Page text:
Training underway to help track Columbus area homeless

Volunteers learn what it takes to participate in the point-in-time count.
Volunteers learn what it takes to participate in the point-in-time count.

COLUMBUS, Ga. – A little time goes a long way in getting a glimpse of what homelessness looks like in Columbus. Home for Good will host its annual point-in-time count Tuesday and Wednesday, January 24-25. For the past year, the city of Columbus has concentrated their efforts to reduce the number of people roaming the streets without a home.

United Way and Home for Good are now working to gain a better perspective on how to track and help those living on the streets. Dozens of volunteers from several local organizations, as well as community members, are going through specific training. The training teaches volunteers how to sensitively approach and talk to homeless people.

Heather Crutchfield volunteered during the point-in-time count last year. She says the experience is humbling and eye-opening.

“You’re not really that far away sometimes from being out of a home,” Crutchfield said. “It was an eye-opener. People who had jobs and families and everything going for them just lost a job. And then things just got out of control.”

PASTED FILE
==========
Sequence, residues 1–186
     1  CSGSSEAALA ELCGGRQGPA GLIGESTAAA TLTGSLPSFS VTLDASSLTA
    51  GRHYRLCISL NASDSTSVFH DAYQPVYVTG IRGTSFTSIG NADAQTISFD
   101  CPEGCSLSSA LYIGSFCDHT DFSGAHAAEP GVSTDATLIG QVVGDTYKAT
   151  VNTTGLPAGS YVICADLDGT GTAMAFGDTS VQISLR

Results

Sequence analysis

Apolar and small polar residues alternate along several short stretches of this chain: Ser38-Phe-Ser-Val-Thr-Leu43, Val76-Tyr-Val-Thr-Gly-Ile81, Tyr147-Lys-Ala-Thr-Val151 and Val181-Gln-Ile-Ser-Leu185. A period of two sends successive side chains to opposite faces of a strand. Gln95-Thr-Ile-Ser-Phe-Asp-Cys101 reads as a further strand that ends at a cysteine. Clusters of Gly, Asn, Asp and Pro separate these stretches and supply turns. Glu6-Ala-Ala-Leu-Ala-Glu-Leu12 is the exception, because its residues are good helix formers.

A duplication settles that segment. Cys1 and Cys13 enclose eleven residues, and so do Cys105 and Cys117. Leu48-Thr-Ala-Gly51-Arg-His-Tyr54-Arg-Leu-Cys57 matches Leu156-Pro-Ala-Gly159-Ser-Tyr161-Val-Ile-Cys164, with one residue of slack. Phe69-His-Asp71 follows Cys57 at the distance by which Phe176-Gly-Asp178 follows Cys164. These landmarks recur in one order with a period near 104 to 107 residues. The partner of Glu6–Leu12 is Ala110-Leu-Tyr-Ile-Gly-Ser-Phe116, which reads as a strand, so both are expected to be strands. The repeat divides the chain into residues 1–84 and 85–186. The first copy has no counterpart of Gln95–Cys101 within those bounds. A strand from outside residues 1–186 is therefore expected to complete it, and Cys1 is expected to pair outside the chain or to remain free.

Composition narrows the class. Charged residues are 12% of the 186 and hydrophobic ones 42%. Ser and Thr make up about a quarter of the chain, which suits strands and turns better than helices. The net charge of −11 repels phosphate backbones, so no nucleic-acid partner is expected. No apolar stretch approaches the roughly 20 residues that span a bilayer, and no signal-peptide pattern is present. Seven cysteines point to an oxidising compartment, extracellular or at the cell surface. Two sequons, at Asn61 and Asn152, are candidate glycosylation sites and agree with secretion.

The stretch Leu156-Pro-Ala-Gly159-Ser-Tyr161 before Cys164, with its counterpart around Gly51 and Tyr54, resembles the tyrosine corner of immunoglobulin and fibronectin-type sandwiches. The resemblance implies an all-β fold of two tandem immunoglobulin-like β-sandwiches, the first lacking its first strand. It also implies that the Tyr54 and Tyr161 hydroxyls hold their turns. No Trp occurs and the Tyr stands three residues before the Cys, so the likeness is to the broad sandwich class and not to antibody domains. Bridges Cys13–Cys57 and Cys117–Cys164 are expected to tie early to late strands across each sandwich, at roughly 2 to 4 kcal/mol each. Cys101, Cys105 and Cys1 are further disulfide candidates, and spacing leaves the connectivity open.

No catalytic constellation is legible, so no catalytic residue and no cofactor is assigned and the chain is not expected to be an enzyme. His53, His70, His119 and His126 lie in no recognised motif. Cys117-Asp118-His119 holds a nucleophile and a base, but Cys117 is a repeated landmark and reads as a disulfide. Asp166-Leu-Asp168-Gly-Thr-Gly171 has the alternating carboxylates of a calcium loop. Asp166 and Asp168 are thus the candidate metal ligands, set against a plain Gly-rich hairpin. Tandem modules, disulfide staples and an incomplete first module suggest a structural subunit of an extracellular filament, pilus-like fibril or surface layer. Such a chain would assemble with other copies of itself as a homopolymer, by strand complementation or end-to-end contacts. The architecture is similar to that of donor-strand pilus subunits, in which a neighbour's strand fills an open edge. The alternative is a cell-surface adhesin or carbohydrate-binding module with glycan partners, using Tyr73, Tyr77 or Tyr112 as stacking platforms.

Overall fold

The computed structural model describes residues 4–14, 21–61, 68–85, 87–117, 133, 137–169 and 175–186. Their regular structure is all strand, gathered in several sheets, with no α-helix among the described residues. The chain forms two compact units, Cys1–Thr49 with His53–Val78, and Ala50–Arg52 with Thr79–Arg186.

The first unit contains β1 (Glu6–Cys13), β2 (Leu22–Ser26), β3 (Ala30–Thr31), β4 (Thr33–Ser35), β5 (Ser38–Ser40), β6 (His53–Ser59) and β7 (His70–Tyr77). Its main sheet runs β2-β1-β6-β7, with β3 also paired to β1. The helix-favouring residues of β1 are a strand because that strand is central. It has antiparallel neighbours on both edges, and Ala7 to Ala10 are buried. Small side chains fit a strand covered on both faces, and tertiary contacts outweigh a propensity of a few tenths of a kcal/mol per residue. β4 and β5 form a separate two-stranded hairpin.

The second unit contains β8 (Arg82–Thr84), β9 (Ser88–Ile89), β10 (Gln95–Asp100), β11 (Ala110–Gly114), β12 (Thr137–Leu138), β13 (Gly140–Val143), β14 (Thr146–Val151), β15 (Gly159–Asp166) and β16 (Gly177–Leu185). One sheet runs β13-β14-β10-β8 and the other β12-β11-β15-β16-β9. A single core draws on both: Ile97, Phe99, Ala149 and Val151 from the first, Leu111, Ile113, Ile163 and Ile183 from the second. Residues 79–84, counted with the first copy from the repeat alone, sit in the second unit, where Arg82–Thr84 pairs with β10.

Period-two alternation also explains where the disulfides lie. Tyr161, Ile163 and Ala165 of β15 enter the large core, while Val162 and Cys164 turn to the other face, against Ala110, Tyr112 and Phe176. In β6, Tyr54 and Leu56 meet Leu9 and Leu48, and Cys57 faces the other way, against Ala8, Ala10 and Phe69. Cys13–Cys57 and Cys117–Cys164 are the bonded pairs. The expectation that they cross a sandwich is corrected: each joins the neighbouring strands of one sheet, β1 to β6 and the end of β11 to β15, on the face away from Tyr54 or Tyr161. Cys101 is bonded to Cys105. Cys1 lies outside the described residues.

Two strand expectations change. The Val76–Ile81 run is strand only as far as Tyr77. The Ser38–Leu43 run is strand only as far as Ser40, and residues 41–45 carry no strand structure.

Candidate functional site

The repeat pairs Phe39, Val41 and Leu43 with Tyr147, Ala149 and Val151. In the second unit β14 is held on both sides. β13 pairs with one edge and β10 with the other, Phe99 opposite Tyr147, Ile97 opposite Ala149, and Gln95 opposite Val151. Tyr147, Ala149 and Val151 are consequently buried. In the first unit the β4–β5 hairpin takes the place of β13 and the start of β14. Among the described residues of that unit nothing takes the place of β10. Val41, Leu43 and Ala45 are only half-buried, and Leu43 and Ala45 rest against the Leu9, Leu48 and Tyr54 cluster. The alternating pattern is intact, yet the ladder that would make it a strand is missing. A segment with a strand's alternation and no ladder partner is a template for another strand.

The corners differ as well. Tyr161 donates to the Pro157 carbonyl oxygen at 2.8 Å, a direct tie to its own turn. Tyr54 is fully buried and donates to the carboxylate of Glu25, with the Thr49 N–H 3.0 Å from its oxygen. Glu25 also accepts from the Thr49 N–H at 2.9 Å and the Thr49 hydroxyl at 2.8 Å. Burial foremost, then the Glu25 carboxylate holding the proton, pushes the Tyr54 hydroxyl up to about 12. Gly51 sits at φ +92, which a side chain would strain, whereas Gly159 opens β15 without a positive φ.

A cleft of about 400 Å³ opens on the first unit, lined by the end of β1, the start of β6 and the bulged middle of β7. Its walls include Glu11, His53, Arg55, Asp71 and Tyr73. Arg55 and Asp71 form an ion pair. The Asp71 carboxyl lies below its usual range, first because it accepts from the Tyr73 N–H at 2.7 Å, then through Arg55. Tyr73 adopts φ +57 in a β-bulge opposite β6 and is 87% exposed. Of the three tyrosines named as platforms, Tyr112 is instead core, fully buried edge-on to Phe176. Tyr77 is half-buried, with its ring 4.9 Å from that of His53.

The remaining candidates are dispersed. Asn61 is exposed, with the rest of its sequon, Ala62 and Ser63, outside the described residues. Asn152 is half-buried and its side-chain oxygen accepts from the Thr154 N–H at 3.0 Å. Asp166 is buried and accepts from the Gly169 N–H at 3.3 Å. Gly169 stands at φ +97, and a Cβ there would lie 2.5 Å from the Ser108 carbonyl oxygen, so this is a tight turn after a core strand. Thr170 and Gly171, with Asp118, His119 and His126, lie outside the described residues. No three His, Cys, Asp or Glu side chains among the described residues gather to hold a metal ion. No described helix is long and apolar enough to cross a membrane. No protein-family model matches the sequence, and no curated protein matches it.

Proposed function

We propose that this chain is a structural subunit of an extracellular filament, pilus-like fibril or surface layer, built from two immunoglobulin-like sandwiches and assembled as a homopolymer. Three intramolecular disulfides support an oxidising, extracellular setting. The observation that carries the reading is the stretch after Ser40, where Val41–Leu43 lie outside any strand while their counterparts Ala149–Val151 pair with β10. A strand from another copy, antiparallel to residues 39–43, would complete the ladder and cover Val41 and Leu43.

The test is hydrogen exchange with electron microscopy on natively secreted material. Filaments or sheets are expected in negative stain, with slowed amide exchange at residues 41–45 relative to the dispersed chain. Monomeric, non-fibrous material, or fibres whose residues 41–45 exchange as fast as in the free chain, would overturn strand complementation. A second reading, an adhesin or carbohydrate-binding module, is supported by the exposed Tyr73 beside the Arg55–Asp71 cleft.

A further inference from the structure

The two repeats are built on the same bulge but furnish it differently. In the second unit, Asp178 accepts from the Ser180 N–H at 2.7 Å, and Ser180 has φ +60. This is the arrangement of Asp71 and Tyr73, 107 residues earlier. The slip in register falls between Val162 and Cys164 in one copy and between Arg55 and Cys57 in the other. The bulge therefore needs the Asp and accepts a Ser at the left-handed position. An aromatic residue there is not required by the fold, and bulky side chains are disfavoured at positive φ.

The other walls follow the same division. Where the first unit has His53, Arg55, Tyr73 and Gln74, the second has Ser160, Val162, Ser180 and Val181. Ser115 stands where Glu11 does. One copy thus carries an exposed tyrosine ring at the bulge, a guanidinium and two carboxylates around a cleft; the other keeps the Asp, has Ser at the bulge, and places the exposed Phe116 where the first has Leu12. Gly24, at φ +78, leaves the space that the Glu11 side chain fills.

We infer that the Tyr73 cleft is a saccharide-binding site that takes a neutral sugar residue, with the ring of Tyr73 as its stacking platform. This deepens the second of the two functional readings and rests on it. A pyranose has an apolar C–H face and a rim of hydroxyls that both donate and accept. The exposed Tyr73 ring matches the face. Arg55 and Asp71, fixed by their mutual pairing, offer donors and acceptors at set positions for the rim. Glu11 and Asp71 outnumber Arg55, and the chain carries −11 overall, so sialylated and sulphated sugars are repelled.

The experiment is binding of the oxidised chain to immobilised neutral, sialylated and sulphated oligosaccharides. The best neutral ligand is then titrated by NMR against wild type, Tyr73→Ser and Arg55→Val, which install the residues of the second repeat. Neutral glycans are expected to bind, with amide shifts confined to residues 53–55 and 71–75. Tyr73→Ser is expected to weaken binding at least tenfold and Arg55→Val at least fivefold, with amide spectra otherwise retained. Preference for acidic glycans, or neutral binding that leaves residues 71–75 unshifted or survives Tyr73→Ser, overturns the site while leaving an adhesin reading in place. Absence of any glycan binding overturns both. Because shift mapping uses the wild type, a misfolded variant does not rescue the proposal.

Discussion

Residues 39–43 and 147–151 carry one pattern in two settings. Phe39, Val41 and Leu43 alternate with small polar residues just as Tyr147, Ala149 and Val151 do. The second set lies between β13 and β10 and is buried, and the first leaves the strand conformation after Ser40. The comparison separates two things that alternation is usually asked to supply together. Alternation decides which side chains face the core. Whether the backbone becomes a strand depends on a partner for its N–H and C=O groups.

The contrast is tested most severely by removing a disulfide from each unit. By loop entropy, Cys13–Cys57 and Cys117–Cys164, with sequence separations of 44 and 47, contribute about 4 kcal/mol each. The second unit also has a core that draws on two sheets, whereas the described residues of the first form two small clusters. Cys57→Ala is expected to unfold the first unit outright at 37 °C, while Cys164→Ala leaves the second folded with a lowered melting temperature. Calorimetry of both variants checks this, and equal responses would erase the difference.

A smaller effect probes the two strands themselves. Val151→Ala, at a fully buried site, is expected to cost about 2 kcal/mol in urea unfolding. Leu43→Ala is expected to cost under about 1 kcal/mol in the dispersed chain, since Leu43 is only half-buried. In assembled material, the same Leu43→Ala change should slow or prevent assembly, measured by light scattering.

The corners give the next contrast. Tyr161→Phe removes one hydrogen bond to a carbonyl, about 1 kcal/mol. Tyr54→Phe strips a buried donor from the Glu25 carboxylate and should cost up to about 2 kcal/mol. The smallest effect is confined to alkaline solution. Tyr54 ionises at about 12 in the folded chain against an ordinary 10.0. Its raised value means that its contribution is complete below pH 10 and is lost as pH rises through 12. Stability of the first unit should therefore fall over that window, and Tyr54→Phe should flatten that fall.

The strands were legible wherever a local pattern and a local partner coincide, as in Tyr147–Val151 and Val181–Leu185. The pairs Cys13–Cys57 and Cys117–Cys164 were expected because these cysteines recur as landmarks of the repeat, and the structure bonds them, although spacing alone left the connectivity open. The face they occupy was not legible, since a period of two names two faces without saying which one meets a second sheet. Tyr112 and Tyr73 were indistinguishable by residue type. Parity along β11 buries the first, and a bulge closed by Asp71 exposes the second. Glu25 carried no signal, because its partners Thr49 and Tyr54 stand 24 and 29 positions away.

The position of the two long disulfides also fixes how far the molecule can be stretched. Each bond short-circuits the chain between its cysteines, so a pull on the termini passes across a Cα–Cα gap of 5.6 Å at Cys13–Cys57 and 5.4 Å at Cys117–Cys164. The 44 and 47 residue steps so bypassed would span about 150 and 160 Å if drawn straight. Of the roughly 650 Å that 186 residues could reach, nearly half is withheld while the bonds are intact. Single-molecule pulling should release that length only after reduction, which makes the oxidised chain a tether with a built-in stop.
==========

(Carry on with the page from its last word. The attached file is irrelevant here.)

This year, Crutchfield is encouraging others to sacrifice a small portion of their time to make a difference in ending homelessness in the area. There are still three training sessions left to participate in the point-in-time count. Home for Good will host two sessions at Troy University Phenix City Riverfront Campus Thursday, Jan. 18 from 11:30 a.m. – 1 p.m. (Eastern) and 3:30 p.m. – 5 p.m. (Eastern). The last session will be held at United Way of the Chattahoochee Valley headquarters, located on 5th Ave, from 11:30 a.m. – 1 p.m.

The point-in-time count targets Uptown Columbus, the River Walk, area bridges, 2nd Ave., and a portion of the median off J.R. Allen to get an accurate count of the homeless population.

Last year, Home for Good had about 40 volunteers participate. In total, they were able to find housing for about 140 veterans and 135 chronically homeless people.

 

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